Studying Romans – Historical Background and Occassion

It is important to remember that Paul’s letters are occassional documents. That means they were written to address a particular set of circumstances among a particular group of people at a specific time in history. If you ignore this it is easy to miss much of what is being talked about within the letter. Anders Nygren’scommentary on Romans was one that pushed the idea that the letter to the Romans was not occassional at all and that an understanding of the historical happenings surrounding its writing are insignificant to the interpretation of the letter. That is exactly what we are trying to avoid. Here is what he had to say,

“If one seeks the key to the epistle in certain special conditions within the congregation at Rome, one thereby shows that the attention is directed away from that which is central. The characteristic and peculiar thing about Romans, differentiating it from the rest of Paul’s epistles, is just the fact that it was not, or was only in slight degree, aimed at circumstances within a certain congregation. Its purpose is not to correct maladjustments.” (Nygren, 4)

In this view, Romans becomes unique in all of Paul’s writing because all of Paul’s other letters were written to address specific issues and problems in congregations. Romans, in this theory, becomes more of a general outline of Paul’s theology (Jimmy Allen also takes this approach being influenced by Nygren). If all one had in front of them was the letter itself it would be easy to draw these conclusions. If you read Romans through this lens the first 8 chapters tend to make a lot of sense but as you get further into the letter things tend to break down a little around chapter 9 (HT: Allen Black for point that out in his Advanced NT Intro class).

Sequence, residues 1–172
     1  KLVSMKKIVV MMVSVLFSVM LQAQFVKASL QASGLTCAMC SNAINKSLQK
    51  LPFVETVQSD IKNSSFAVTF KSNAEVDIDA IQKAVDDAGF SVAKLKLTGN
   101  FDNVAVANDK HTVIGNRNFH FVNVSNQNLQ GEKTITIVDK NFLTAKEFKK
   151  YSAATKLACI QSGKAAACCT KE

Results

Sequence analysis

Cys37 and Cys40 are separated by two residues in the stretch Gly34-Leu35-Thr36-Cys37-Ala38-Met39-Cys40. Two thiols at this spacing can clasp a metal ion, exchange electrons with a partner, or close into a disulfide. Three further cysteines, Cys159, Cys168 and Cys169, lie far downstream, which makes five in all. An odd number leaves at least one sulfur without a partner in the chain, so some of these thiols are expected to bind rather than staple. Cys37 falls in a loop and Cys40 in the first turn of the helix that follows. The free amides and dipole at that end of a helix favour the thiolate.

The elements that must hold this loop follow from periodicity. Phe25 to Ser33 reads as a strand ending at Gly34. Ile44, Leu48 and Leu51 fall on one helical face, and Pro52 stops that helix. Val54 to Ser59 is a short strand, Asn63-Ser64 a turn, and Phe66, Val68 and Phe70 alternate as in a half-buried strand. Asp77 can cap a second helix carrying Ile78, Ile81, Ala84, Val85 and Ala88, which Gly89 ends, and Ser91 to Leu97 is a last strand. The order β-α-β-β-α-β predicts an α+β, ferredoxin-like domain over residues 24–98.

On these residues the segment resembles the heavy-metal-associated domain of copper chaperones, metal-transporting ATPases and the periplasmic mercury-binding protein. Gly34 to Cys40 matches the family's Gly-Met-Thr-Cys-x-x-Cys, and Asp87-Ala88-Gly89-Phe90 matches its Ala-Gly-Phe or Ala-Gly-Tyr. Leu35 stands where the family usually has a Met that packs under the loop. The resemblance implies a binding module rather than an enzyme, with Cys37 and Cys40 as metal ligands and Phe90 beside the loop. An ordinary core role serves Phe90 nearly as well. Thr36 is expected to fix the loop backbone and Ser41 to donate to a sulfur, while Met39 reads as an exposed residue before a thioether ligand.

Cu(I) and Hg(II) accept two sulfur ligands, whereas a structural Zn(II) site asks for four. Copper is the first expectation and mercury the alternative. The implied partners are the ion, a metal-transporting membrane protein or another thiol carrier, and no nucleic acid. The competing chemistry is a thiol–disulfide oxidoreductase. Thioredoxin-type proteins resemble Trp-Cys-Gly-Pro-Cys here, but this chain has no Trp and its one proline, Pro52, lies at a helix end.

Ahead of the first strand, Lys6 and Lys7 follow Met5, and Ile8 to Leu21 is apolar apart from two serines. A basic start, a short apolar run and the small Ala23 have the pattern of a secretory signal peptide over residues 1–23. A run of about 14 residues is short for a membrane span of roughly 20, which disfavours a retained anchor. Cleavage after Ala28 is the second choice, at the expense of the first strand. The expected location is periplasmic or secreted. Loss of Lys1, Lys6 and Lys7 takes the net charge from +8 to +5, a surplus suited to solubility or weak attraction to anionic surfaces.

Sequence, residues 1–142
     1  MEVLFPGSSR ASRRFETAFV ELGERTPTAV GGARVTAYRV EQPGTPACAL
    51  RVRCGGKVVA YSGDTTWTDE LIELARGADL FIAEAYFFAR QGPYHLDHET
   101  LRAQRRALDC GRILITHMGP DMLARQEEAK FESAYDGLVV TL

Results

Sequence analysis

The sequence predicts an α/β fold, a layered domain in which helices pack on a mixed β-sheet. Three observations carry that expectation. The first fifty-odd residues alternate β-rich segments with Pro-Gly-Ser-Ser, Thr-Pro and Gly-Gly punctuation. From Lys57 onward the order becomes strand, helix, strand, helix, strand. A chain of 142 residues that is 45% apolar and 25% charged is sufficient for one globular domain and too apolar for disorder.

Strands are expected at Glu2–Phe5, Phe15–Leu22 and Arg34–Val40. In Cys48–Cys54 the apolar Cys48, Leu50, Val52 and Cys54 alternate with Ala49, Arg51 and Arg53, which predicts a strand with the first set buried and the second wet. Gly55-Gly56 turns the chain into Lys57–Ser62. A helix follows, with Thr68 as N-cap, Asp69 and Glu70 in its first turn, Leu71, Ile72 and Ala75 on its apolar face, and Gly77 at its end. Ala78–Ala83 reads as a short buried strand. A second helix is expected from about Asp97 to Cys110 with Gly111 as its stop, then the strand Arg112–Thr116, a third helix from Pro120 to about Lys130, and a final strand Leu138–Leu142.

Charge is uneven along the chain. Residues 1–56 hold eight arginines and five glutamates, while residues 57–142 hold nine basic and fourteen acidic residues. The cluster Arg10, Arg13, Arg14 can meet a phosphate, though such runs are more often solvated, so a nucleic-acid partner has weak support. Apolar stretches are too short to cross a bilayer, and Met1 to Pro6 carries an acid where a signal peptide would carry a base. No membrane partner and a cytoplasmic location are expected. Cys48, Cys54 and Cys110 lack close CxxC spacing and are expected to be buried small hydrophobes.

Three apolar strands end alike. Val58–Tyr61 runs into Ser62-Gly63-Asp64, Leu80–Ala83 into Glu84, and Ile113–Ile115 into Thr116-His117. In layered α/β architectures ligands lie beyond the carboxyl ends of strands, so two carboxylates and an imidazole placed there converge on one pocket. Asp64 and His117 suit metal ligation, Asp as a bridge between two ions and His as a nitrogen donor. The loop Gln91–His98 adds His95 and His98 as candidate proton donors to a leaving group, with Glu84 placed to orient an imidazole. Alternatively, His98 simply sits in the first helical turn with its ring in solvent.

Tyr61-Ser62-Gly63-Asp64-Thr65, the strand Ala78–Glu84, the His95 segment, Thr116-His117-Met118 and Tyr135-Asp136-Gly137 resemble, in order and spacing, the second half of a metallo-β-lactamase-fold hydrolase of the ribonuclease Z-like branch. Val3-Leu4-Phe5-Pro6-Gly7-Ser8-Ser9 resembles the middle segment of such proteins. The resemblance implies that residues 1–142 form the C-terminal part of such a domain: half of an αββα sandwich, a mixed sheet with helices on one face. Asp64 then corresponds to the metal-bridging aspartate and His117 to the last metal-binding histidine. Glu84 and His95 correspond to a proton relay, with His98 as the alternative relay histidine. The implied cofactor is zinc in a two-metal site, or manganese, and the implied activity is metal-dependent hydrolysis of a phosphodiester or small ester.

There is a piece of history that ties the entire book together and gives continuity to the entire letter. One of the first people to bring this up was Wolfgang Weifel in a chapter entitle “The Jewish Community in Ancient Rome and the Origins of Roman Christianity,” (Karl Donfried, ed. The Romans Debate – Continued. Minneapolis: Augsburg, 1977. pp.100-19.). Weifel began to pull some pieces of history together to make a coherent case for the background of Romans. In AD 49 Claudius issued a number of edicts. One of which was a prescription of Yew juice for snake bites but more importantly was the explusion of Jews from the city of Rome. Claudius was distrubed by some uprising due to a fellow named Chrestus as Suetonius records, “Since the Jews constantly made disturbances at the instigation of Chrestus, he expelled them from Rome.” (Suetoinus 25.4). Acts 18:1-2 also makes mention of this edict as to why Priscilla and Aquilla left Rome. To make a long story short, when Claudius died the edict was void and the Jews were able to return to Rome.

Think about the implications of this. When Christianity spread into a new community as best we can tell it was typically targeted toward the Jews in the region. This was probably due to the common background and respect for the scriptures. After that god-fearing Gentiles and Gentiles in general were reached out to. It could very easily have been the case that the church in Rome had a mostly Jewish-Christian leadership until AD 49 when they were expelled from Rome. So who steps in? The Gentile Christians. They become the elders, deacons, etc. Five years later when Claudius dies the Jews return and who do they find in their leadership roles? Gentile Christians. See the problem?

When you read Romans through this lens things start falling into place. For instance. Romans 1-3 can no longer be a general treatise on sin and the wrath of God. Romans 1-3 becomes a diatribe from Paul against quarreling groups of Jews and Gentiles in Rome. He goes against the Gentiles and calls them out for their sins. You can bet the Jewish Christians were really happy about that until 2:17 when Paul starts to call them out as well. Paul basically says “You Gentiles are unrighteous on your own and you Jews are no better.” It brings new light to Romans 3:23 – “For all have sinned and fallen short of the glory of God…” Why say that? Because he is showing them that they are all a lot more alike than they think. They are all in need of God’s redemptive power. Paul is attempting to reconcile a very real situation with very real circumstances and problems among the Christians in Rome. It comes through loud and clear when you understand the backstory.


Studying Romans – Getting Started